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10 Smart Ways Startup Founders Raise Business Capital Without Relying Solely on Venture Funding

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Most startup founders believe that their business can’t move forward without the VC funding. This, however, is not true. Though Venture Capital has always attributed to startup success, it is certainly not the ONLY road to victory. In fact there are many other means to raise business capital which every startup should explore initially, to avoid the debt trap.

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 The one major setback of Venture Capital (VC) is that it sometimes works like a drug that produces the much-needed adrenaline rush for startups And then it can turn into a toxic dependency!

The article narrates 10 innovative ways to raise business capital, which counterbalance the VC-oriented approach. Many startups have already embraced these tricks with satisfactory result.

So, let’s start!

Solve Genuine Problems To Easily Raise Business Capital

In the 1990s, Lynda Weinman entered the tech scene to teach people what she enjoyed – web designing. She noticed bookstores selling web development related resources which were dry, mundane, and run-of-the-mill. Thus, Lynda decided to produce video tutorials to help designers and developers brush up their skills. She built tech assets and a content library, which were so unique that LinkedIn agreed to pay 1.5 billion dollars to acquire stakes in her company.

Sell One-of-a-Kind Products at Your E-commerce Store To Fast Raise Business Capital

Nathan Seidle, an undergraduate student of electrical engineering in 2003, founded SparkFun Electronics from his dorm room. He sold oddball components and DIY electronics kits to a band of engineers who were looking to explore new systems and sensors. Today, Seidle’s e-commerce empire provides employment to 154 people, generating annual revenue of $32 million.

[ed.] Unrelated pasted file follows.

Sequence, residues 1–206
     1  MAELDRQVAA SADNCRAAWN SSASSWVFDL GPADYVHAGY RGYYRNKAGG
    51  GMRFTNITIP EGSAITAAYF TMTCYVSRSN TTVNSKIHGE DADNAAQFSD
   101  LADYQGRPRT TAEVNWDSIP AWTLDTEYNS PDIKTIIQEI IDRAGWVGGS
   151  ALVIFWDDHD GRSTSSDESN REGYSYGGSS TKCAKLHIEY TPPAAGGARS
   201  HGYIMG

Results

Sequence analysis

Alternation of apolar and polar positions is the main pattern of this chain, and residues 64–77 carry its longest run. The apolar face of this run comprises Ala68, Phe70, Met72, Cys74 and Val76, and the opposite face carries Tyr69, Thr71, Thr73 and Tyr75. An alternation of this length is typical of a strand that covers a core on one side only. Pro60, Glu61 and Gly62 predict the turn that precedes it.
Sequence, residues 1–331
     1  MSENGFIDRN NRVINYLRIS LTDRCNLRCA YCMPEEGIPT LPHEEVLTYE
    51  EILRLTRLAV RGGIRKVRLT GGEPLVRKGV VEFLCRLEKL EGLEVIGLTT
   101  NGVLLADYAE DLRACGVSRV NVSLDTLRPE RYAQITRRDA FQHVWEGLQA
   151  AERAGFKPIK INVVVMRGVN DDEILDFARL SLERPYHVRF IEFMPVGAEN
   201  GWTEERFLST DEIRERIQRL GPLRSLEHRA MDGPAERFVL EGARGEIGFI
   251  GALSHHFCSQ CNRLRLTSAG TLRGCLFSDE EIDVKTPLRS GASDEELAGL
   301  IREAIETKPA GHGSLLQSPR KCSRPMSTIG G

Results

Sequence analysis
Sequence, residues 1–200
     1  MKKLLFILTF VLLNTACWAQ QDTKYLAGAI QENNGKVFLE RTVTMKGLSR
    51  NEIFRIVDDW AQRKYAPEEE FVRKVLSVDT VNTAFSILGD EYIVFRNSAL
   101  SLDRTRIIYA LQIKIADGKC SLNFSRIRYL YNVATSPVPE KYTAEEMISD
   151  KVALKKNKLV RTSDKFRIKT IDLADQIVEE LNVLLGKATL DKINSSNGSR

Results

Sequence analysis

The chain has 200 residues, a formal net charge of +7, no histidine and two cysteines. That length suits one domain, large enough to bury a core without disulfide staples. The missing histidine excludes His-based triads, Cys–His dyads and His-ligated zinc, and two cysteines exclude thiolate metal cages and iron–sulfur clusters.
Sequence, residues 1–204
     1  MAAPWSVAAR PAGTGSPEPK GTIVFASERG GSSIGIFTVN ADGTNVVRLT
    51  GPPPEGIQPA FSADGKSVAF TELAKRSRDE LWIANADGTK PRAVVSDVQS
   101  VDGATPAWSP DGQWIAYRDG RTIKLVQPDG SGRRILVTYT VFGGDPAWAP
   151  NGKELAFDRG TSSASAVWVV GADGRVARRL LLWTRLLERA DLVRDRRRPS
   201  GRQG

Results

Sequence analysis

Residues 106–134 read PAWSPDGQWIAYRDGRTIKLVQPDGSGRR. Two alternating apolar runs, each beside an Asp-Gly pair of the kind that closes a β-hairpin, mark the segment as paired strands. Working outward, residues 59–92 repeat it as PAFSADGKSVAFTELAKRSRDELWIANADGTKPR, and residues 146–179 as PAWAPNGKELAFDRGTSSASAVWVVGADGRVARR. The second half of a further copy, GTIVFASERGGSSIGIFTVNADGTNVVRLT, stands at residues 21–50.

Offer a Tech-Related Solutions to an Existing Problem And Get Noticed Early

There was a time when online money exchange was considered one of the most complex problems which needed a solution. People were eager to find a convenient, fraud-free solution, and they were ready to pay a fair service charge, too.  Braintree Payments emerged with an improved tech solution to process payments online. The company, integrating global commerce tools, ran for four years on the revenue it generated. Braintree ultimately raised $69 million from VCs, before an $800 million acquisition!

Self-Reliance Is the Key

Ipsy founder, Michelle Phan, an American makeup artist, started her YouTube channel in 2006 to teach and inspire everyone to master the art of makeup. Within a short span of time, she became an online celebrity with 8.8 million+ YouTube subscribers. Michelle Phan leveraged her YouTube star status to create a subscription box startup, which produced $150 million in revenues. After a while, she decided to raise business capital from VCs to expand her business.

Apply Your Skill Set Smartly to Start a Business and Attract Investors

Jon Oringer was an amateur photographer and a professional software developer. He decided to blend his skill-sets to create a stock photo service with thirty-thousand photos from his photo library. Thus, ShutterStock, a $2 billion company, was born. Rather than jockeying to raise business capital, Oringer relied on his efficiency to become a self-made billionaire.

Look For a Reasonable Funding And Not Millions of Dollars!

Sharp-witted entrepreneurs plan operation models that raise business capital even before product delivery. Take for instance, Will Dean, a former British counter-terrorism officer, who came up with the idea of Tough Mudder, a racing event series. Using his $7,000 savings, Dean founded Tough Mudder, which is today a worldwide phenomenon.